Kia said the $1.2 billion facility will be its first manufacturing plant in the United States. Georgia Gov. Sonny Perdue and President and CEO Euisun Chung made the announcement at a ceremony in Seoul.
Locations in Mississippi and Tennessee had also contended for the plant.
The facility is expected to produce 300,000 vehicles per year at maximum capacity, Kia said. Kia also said that five to six auto suppliers are expected to set up nearby, resulting in the creation of an additional 2,000 jobs.
The company, maker of the Optima midsize sedan, the small-size Picanto and Sorento sport utility vehicle, is an affiliate of South Korea's largest carmaker, Hyundai Motor Co., which has a factory in Montgomery, Ala. West Point is about 80 miles southwest of Atlanta.
Proximity to the Hyundai site — combined with a $258 million incentive package from the state — helped sway Kia.
Kia, which last year exported three-fourths of its South Korean production, is pursuing an aggressive overseas expansion. Besides moving into the United States, it's building a second plant in China and expects its first European factory to start up in Slovakia at the end of the year.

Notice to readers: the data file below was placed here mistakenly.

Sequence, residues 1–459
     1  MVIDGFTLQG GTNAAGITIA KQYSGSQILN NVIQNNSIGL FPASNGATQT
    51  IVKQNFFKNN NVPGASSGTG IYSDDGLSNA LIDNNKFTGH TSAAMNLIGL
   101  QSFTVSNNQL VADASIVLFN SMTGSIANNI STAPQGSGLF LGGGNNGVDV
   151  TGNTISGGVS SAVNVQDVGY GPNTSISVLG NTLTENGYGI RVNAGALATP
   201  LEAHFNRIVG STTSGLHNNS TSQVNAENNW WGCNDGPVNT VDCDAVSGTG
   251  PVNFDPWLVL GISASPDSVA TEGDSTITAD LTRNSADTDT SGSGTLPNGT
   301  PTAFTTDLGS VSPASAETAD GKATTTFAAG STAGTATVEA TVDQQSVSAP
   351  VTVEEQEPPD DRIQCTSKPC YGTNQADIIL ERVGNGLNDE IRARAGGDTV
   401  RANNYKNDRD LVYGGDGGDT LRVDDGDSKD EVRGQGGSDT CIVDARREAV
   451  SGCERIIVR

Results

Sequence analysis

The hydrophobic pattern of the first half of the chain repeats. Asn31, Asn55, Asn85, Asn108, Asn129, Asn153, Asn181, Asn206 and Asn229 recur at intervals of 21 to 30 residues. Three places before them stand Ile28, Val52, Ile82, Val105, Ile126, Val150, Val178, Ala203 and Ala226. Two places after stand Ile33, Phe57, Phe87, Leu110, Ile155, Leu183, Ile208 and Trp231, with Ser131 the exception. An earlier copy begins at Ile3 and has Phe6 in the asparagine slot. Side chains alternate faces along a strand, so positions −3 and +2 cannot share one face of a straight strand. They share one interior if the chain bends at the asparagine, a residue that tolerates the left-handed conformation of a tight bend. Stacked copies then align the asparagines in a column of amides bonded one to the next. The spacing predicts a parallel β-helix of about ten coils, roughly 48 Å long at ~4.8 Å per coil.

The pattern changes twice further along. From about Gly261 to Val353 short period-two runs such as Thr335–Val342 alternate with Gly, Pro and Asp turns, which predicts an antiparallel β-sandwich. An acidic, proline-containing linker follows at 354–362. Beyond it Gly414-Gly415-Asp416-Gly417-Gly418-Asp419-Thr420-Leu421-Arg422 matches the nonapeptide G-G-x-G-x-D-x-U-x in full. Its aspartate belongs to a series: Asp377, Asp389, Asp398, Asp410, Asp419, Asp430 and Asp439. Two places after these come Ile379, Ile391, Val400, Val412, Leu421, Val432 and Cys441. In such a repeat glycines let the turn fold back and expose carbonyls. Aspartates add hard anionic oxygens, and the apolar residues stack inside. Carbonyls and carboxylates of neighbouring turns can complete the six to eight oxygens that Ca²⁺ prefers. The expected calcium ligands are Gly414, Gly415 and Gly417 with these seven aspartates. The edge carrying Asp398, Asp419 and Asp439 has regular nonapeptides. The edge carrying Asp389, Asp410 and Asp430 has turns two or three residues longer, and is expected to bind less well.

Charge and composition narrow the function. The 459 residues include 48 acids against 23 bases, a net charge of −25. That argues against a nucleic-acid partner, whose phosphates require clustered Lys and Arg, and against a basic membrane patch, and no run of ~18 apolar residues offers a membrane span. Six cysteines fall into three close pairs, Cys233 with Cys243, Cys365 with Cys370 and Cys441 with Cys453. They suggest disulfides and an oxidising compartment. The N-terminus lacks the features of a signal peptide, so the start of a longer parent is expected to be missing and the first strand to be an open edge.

"Kia Motors has entered an aggressive growth phase in the U.S," Chung said.
The company also supplies materials to partners for vehicle assembly in Malaysia, Indonesia, Vietnam, Russia and Iran. Kia sold 1.27 million vehicles in 2005, 13.9 percent more than the year before.
Georgia has been hit hard by decisions at Ford Motor Co. and General Motors Corp. to close their plants in the state.
Perdue said Kia's decision to locate in the state "is a testament to the tools, experience and know-how Georgia will deliver to one of the automotive industry's leading innovators."
In January Kia said net profit rose 2.9 percent in 2005.
Net profit increased to 696.5 million as revenue gained 4.6 percent to $16.4 billion.